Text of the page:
I have a very special relationship with Patrick Ness’s books. They either break my heart in the smallest pieces [«A Monster Calls»] or leave me dumbfounded, wondering what the heck did I just read?! [«The Rest of Us Just Lives Here»]. «Burn» definitely falls more into the second category. While I liked the characters and the story more than in «The Rest of Us Just Lives Here», it was still a very weird book.
That’s probably why I’ve been staying away from the Chaos Walking trilogy for now. I really want to love it, but I’m scared that it might be too weird for me and I won’t be able to connect to the characters the way I want to.
Maybe I’m not allowed to say that, but holy *** the very early parts of this story gave me huge Assassin’s Creed vibes and I was LOVING it! Okay… maybe it was the fact that there is one scene where the characters decide that roofs are the lesser crowded spaces, and use them to get to the center of the square, but like… isn’t that what you supposed to do while playing Assassin’s Creed?! Climb and jump down from all the roofs you can find?!
And the second important point [that has nothing to do with the story] is how gorgeous this UK edition is?! Once again, the UK publishers did it much better than the US ones (sorry, guys! ¯\_(ツ)_/¯ ). I much prefer some intricate design vs. a levitating girl, even if that girl is supposed to be Renata Convida, our main character.
Tell me honestly, do you love reading Middle Grade? I’ve been escaping into these whimsical worlds since March and loving every single experience! No other genre can make me feel so warm and fuzzy inside. So, of course, I had to jump on the chance of reading the sequel in the middle-grade series by B.A. Williamson.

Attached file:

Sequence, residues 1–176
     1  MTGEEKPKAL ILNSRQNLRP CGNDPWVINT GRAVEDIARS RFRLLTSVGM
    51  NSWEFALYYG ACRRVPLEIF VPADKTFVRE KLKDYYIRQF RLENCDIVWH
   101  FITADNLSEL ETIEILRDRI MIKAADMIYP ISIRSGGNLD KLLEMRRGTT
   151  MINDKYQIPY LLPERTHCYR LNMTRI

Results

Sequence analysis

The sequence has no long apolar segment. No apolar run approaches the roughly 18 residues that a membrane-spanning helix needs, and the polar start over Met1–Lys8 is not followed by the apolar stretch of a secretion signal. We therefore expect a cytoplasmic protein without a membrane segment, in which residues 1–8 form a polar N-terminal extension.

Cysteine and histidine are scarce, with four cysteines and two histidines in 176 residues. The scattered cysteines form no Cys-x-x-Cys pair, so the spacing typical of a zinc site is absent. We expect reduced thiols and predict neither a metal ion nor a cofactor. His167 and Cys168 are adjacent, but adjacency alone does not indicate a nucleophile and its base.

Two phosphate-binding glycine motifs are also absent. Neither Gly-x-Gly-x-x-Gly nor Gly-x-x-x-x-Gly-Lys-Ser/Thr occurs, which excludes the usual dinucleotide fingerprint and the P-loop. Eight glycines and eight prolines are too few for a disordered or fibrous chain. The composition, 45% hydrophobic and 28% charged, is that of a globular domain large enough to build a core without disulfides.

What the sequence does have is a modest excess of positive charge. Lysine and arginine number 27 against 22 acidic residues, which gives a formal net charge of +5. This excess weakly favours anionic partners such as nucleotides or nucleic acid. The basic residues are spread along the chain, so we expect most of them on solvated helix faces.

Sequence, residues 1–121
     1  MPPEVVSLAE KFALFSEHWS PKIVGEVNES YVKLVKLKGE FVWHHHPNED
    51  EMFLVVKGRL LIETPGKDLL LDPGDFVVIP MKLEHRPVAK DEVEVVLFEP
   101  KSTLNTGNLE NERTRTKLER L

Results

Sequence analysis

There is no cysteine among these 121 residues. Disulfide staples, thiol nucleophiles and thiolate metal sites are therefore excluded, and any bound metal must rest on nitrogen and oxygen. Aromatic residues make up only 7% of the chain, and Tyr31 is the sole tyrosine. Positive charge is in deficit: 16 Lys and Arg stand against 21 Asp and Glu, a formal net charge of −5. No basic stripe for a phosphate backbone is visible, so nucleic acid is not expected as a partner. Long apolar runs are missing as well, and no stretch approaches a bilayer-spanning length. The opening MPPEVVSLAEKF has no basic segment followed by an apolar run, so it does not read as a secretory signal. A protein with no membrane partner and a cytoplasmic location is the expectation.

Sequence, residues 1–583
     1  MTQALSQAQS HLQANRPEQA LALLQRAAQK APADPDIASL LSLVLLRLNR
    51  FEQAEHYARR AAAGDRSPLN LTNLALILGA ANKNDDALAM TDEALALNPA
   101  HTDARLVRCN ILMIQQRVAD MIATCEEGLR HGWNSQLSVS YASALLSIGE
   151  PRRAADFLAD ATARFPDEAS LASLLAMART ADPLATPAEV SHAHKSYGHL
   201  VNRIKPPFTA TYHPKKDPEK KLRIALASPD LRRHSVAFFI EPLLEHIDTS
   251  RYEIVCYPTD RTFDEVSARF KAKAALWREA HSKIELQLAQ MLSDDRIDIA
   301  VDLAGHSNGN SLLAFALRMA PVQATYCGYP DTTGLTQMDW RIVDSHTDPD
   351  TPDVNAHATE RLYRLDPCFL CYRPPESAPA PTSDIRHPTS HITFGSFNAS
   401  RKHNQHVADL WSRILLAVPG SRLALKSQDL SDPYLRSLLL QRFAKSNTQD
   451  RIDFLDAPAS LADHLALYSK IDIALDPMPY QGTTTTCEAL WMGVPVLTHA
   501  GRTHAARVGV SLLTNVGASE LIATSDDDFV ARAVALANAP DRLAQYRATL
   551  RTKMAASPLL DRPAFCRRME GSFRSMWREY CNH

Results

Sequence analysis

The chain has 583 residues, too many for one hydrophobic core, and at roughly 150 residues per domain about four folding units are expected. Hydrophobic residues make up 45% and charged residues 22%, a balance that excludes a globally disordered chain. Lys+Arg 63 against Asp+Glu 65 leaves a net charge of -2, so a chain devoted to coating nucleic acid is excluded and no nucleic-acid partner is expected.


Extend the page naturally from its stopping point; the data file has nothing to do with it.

Oh, man! «The Diviners» was such a roller coaster of emotions!
The beginning of the book wasn’t as exciting as I hoped it would be, which translated into me starting this book twice. For the second time as I passed that first chapter (prologue) about the party and spirit summoning, I met Evie and fell in love with her character. The book just kept getting better and better from there. However, by the end, I was started to feel tired of reading the same story and the last 100 pages took me a couple of days to finish.
«Wicked Saints», the first book in Something Dark and Holy trilogy, was published in April last year. I remember it being one of my most anticipated releases at the time when I first saw it on NetGalley and the fact that it was inspired by Eastern European culture immediately drew my attention. As someone from Eastern Europe, I often find these books very nostalgic to read, as they tend to reference a lot of Slavic folklore or events that I used to study in my history classes.